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Children, Chores And Charts – Teaching Responsibility

By: Vincent Platania

Many hands make light work, the old saying goes, but that's only part of the reason to insist that your children pitch in to help with household chores. More important than the help around the house is the fact that you're teaching your children responsibility, accountability, teamwork and how to survive in the world when they grow up. In fact, for the first few years that you give your children chores to do, it will actually make MORE work for you. But it's definitely worth it in the long run when they ARE helpful... and it's even more worth it when they call from college and casually mention that no one else in the dorm has a clue how to clean or do laundry.

Getting your children to do chores doesn't have to be a huge hassle, though. There are a lot of strategies and tips to help you get them working and helping out around the house. My personal favorites are the ones that make the most sense from a learning and teaching perspective – tips and tools that set clear expectations and help your kids learn to do household chores the right way, on their own.

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Start with a Household Chores List – And Make It Fun

First, sit down and compile a list of chores that your children can help with. Don't be too concerned about whether they can complete the whole thing themselves – one of the chores on your list might be dusting the living room, for instance. A six year old can't manage it by himself but his chore might be to 'dust the tables'. The trick is to make it fun and safe. Instead of a dust cloth and furniture spray, give them a 'puppet'. You can spray some furniture polish on an old sock that fits their hand or use a cleaning mitt (Polishing and Cleaning Mitt) so that all your little one needs to do is run a hand over the table and the dusting is done. He'll be so proud that he could help!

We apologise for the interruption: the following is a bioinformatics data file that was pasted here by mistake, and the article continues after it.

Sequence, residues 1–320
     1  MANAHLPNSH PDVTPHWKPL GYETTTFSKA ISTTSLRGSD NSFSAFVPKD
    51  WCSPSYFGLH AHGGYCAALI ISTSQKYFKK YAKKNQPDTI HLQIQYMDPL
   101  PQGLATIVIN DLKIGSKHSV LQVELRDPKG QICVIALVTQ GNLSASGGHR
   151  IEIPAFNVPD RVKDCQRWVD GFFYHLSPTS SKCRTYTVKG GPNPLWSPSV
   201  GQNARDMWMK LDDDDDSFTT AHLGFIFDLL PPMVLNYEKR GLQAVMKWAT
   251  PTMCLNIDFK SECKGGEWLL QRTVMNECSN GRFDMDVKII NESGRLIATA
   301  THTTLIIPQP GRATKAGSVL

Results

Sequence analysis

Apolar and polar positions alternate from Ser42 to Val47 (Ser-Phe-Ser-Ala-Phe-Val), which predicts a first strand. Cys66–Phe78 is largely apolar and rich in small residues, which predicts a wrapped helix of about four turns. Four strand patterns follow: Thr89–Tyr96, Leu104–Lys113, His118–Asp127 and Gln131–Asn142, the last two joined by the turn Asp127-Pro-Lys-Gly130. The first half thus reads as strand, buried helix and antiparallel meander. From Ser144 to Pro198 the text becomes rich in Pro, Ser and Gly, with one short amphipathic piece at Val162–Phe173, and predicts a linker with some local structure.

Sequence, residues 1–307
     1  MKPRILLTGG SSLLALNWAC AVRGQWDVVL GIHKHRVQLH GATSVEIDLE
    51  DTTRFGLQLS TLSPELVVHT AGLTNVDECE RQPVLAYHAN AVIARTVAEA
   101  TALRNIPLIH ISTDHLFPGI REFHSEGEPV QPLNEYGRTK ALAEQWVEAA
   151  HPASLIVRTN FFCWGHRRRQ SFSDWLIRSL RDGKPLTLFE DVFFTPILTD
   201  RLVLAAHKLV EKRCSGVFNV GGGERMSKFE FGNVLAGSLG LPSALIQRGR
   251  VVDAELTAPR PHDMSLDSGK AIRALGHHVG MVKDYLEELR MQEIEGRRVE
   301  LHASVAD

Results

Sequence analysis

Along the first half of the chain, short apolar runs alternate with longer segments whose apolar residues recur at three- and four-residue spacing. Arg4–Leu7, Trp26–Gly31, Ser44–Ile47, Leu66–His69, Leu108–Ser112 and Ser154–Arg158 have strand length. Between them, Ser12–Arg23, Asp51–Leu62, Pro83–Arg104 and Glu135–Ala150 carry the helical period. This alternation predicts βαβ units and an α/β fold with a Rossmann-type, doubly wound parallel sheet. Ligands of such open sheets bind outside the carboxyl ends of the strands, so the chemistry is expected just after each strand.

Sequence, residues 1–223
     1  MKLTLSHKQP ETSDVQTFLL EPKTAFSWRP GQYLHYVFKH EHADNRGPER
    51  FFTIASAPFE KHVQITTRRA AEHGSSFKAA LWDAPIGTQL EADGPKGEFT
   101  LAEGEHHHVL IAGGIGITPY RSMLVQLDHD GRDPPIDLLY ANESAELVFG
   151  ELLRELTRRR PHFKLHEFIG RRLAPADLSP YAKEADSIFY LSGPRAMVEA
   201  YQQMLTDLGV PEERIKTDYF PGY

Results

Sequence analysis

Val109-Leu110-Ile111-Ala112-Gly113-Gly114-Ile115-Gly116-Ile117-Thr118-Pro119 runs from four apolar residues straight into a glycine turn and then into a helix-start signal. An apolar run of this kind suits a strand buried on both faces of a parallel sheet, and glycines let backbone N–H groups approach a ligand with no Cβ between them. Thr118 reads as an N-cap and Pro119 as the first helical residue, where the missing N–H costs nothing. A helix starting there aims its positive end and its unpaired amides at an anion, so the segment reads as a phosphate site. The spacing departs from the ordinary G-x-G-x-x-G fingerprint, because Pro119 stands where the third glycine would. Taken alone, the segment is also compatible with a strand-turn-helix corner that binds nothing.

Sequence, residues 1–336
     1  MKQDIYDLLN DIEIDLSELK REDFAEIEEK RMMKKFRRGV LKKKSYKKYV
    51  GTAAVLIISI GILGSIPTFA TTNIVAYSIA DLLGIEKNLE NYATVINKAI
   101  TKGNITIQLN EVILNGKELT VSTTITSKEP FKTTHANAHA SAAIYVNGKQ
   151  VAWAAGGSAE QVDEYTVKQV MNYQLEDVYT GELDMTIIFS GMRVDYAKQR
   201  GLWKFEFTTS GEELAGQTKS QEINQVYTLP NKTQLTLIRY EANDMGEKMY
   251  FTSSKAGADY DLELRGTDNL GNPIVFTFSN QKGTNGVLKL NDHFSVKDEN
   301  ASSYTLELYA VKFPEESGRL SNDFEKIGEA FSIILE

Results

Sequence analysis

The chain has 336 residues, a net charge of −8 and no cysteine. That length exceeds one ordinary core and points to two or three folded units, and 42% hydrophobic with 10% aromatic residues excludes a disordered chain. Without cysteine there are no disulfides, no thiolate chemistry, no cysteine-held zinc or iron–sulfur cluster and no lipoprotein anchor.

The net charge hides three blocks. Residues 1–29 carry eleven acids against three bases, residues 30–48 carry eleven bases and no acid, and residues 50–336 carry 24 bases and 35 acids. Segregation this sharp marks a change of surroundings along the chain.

Organize with Chore Charts for Children

You can also help keep everyone organized by printing out chore charts for your children. A chore chart is a learning aid rather than a schedule. For each chore that you expect your child to do, create a one–sheet chart of instructions on how to do it. For instance, your chore chart for 'Clean the Living Room' might look like this:

How To Clean the Living Room

Tools: Dust mop, Cleaning Mitt (Polishing and Cleaning Mitt), Furniture polish, Laundry basket
Do the job!

1. Pick up any toys, books or clothes and put them in laundry basket to be put away when you're done.

2. Take everything off tables.

3. Put on the cleaning mitt and spray it with furniture polish.

4. Wipe tabletops and legs of tables.

5. Dust mop the floor with the polisher. Don't forget under the couch and chairs!

6. Put toys, books and clothes where they belong.

7. Get a cookie from the cookie jar. You're done!

Make It Easy With the Right Tools

When you're first learning how to clean house, the right tools can make all the difference. Providing household cleaning tools that are designed to do a good job make it easy for kids to help out and be proud of the work that they do. A good broom (Angle Broom), a cleaning mitt (Polishing and Cleaning Mitt), a dust mop, a dustpan and brush designed for little hands – all those things will help your child do the job right the first time, and every time.

About the Author: Author Vincent Platania represents the Fuller Brush Company. Fuller Brush has been in business since 1906, and offers safe, environmentally friendly products for keeping your home and your body clean. Visit http://www.fuller-brush-products.com
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